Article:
Nicolle Wallace didn’t breathe a word about what the shutdown of the federal government would mean to Americans, including those who work for the government and those—all of us—who depend on it for services. She never bothered to mention how damaging it would be for us to once again flirt with not paying our bills, including our creditors. She never discussed how a default would, in the words of Fed Chairman Ben Bernanke, be an “extremely dangerous and likely recovery-ending event.” She never noted how domestic interest rates would go up, making it hard for businesses seeking credit to expand, as well as making it difficult for consumers seeking credit to purchase cars and homes. She failed to explain how our national credit worthiness would take yet another hit at the hands of Republicans, resulting in higher financing costs for our nearly $17 trillion debt, which will then eat up more of the budget and cause Tea Party Republicans to demand even more draconian cuts in government spending—the ultimate goal of these ideological freaks.

No, all she essentially explained was that her party is doing okay right now with all the demonization of the President, all the dysfunction in Congress, and all the distrust in government these tactics have created among the American people. At such a shining moment for the GOP, she argues, Republicans shouldn’t push their luck.

That’s some adult argument.



  1. ansonburlingame

     /  September 19, 2013

    I acknowledge that the Tea Party is now becoming the third rail of American politics. It started as a very general dislike for every growing government. But in the details to retard that growth it has lost that fundamental message and now has been radicalized for the far right. It won’t work, politically to do what the Tea Party now espouses, “killing” ACA being a prime example.

    Eventually, if Americans ever get around to paying for all the demands placed on the federal government, like raising taxes to pay for ACA as a starter, then such social programs will bring America to its financial (economic) knees. We are making great progress right now doing exactly that, reducing America’s power and influence around the world and it all started at least 20 years ago, by both Dem and GOP White Houses.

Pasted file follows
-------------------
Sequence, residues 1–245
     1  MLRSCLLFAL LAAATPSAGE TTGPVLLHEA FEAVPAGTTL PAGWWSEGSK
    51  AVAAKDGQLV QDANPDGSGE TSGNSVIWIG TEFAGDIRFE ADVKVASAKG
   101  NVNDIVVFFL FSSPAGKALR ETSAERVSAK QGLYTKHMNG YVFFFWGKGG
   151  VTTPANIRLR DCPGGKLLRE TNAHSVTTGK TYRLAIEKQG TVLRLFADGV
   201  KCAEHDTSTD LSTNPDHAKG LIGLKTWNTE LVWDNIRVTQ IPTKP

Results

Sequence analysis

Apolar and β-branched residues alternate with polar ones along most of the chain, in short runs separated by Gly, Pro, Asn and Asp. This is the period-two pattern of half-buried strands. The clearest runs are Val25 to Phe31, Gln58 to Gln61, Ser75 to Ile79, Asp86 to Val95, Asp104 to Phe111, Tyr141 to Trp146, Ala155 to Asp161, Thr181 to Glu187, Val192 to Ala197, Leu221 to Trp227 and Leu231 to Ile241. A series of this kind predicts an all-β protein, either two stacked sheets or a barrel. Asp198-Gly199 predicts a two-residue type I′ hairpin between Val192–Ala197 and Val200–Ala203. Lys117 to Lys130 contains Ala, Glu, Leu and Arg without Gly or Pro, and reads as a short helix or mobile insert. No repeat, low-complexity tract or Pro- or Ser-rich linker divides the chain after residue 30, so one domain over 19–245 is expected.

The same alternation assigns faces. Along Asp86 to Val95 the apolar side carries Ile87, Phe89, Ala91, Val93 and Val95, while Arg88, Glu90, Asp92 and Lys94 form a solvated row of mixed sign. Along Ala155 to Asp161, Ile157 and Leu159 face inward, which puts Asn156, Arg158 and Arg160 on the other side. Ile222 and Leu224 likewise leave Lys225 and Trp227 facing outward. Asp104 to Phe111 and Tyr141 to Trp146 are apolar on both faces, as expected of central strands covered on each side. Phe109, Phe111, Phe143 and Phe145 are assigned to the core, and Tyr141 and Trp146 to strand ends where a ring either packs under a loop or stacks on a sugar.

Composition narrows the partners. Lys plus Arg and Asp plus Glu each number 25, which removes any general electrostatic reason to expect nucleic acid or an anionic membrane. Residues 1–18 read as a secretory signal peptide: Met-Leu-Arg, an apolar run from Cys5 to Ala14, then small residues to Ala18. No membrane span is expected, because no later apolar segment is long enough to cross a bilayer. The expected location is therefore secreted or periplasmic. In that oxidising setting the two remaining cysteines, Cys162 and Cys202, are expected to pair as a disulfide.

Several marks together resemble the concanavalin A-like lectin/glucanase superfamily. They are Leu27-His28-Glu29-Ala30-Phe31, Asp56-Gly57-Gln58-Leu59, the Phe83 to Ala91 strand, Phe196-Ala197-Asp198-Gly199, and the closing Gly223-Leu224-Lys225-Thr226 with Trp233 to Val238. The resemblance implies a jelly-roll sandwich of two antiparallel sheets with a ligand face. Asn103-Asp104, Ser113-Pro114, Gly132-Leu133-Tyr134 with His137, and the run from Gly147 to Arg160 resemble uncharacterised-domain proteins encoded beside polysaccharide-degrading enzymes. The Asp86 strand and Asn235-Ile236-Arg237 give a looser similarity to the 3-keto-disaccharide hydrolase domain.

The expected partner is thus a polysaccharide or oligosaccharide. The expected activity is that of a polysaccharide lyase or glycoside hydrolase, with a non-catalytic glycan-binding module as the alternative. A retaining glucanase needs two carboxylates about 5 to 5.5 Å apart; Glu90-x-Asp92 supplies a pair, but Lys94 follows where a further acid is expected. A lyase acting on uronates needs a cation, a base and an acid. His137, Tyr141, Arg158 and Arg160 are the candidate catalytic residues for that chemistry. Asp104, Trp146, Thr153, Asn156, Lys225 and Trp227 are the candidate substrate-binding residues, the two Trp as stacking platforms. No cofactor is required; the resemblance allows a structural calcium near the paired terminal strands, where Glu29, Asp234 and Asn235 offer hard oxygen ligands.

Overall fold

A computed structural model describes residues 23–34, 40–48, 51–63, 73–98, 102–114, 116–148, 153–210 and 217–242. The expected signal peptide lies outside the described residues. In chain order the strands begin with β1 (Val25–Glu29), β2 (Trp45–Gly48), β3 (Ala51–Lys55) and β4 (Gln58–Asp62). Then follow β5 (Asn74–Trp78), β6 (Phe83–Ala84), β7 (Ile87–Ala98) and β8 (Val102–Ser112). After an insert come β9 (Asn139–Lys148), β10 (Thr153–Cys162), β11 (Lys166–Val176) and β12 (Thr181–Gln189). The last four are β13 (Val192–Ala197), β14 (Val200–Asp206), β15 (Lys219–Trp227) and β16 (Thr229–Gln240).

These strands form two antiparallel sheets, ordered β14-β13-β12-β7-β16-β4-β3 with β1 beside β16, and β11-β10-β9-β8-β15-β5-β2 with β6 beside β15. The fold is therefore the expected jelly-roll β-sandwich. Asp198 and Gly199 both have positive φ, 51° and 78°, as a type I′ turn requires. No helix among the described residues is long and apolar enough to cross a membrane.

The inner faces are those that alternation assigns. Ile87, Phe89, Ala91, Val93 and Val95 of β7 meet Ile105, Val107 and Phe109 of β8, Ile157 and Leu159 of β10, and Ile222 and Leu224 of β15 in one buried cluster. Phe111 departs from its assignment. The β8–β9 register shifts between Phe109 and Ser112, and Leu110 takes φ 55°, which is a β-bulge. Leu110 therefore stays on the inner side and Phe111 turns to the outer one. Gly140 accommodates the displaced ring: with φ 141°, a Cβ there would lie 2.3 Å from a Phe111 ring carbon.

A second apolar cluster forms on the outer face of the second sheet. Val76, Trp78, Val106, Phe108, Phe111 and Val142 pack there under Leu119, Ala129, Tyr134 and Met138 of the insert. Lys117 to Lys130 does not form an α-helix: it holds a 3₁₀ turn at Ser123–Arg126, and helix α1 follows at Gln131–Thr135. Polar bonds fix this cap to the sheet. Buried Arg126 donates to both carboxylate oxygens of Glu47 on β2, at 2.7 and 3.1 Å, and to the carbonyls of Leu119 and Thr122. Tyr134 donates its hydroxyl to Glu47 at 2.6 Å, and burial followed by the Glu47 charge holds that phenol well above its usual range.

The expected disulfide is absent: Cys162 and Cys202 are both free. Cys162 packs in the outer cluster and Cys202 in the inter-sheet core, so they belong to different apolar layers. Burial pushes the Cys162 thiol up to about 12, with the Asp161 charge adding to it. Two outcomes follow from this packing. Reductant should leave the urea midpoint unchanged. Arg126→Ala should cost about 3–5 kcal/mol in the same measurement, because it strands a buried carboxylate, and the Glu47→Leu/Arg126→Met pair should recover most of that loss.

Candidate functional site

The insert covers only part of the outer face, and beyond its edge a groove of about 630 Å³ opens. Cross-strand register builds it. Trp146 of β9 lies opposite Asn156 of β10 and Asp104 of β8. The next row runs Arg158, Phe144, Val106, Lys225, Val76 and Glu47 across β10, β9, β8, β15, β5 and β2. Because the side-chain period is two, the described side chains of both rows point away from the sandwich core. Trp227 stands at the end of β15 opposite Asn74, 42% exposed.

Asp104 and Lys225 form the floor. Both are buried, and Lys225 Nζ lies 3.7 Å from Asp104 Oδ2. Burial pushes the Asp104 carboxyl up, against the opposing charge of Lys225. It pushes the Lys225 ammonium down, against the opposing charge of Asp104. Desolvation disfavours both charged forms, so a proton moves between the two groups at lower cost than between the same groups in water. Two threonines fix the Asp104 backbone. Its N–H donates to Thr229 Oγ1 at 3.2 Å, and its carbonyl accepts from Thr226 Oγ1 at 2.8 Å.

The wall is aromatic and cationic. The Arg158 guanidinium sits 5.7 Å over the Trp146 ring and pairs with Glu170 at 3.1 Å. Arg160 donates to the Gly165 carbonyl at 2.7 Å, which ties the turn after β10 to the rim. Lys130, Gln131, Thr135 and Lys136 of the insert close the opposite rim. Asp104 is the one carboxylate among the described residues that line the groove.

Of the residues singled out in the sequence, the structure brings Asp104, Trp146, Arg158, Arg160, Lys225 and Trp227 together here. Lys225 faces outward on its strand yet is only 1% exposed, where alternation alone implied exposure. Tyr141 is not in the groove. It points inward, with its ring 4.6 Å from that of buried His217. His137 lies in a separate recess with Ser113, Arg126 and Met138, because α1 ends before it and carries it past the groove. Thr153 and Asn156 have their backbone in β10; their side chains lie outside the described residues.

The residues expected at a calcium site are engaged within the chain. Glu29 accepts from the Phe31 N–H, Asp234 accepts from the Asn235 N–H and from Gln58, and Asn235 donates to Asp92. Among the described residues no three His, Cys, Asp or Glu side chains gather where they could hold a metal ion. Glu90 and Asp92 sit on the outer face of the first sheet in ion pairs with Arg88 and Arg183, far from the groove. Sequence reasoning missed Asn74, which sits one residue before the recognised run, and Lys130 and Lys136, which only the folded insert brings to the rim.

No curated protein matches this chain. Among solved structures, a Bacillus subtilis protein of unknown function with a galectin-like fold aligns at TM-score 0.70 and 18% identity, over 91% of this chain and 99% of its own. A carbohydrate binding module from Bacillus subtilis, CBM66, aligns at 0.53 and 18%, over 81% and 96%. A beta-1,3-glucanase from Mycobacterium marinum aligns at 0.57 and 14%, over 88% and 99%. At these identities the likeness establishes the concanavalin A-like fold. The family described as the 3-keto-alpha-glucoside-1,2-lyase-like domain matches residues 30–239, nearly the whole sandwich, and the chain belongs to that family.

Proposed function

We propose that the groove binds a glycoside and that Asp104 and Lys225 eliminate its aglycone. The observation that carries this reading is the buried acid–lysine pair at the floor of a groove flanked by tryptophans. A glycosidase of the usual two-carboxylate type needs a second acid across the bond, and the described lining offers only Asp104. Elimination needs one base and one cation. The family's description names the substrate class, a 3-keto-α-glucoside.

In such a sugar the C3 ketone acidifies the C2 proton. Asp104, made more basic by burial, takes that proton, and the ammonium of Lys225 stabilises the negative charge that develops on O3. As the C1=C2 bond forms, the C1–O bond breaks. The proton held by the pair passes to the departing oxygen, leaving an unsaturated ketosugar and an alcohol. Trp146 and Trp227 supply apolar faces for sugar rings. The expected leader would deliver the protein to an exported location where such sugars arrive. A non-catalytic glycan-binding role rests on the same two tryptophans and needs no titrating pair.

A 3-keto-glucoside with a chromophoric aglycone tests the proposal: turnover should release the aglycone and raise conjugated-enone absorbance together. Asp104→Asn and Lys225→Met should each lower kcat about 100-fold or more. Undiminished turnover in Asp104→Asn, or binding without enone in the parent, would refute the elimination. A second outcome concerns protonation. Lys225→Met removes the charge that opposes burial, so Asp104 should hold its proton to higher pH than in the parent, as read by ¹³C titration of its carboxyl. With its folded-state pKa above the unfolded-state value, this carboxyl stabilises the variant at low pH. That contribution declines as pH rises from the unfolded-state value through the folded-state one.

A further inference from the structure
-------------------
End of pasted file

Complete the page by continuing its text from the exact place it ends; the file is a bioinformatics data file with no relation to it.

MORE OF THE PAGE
Keep that up and 20 years from now I cringe to imagine what this country will look like, either extreme (And in comparison to previous Presidents I put Obama on the extreme end of the left) gaining full power.

    We got a glimpse of that from 2008 to 2010. If the Tea Party keeps doing what it is doing we will see such again, a one party government. Given the political divide today, God help America if that happens, again.



  2. In would probably not call the Tea Party a “third rail” but rather a TURD rail leading the rest of the GOP into the cesspool it seems to have longed to drink from by throwing candidates like Ken Cuccinelli, Steve King, Louie Gommert, and Ted Cruz at the US voter.


  3. Your take on Nicolle Wallace is correct, Duane, and your “National Buffoons” poster of the dog with the gun to its head neatly sums up the situation. Again. Just like in 2011. How sad that it still applies, with only a minor edit needed: “If you don’t de-fund the Affordable Care Act, we’ll kill this dog.”


  4. Mike Gaden

     /  September 27, 2013

    Again with the idea that America must be the world-dominating power, Anson. In my opinion, no one country can sustain that position, either economically or philosophically. At least, no counlry or empire in human history has been able to do that. for more than 400 to 500 years (the Roman empire, and their world was a very small place then).

    If human beings are going to make it as a species, not kill themselves with weapons or rank stupidity, we have to learn to work together globally to solve problems for all the world’s inhabitants, not just the wealthy ones.

    The way the right is thinking at the present will not get us there; I’m not entirely sure that the left is capable either, but they have a better shot, in my opinion.


%d bloggers like this: